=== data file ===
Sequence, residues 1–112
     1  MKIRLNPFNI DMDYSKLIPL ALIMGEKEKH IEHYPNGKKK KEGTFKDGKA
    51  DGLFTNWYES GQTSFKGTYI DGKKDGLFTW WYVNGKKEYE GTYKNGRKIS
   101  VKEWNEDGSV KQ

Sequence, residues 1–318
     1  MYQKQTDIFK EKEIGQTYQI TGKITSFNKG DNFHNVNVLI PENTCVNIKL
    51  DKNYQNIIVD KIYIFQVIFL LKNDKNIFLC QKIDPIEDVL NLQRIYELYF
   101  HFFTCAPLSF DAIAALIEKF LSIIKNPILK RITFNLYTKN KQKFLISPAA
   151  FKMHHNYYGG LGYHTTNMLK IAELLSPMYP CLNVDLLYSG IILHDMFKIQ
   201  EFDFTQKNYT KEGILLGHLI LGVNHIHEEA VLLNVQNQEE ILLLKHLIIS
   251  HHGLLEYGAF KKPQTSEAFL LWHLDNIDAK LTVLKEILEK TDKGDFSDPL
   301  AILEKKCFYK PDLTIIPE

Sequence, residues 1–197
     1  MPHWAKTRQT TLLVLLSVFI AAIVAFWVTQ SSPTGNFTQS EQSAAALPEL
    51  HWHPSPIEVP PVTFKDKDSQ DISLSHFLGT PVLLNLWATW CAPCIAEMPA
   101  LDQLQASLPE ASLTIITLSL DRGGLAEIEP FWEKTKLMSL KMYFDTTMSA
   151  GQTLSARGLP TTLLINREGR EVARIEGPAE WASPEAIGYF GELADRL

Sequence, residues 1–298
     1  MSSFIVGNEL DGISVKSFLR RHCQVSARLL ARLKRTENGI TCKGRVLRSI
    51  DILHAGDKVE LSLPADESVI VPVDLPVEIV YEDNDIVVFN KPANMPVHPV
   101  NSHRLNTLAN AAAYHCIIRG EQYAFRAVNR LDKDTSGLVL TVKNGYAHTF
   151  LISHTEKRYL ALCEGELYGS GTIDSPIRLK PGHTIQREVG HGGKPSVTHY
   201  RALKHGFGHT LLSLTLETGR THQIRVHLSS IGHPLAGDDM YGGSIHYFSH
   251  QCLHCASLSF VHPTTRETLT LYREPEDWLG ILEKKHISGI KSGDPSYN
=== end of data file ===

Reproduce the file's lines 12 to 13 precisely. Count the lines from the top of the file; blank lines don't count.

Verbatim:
   301  AILEKKCFYK PDLTIIPE

Sequence, residues 1–197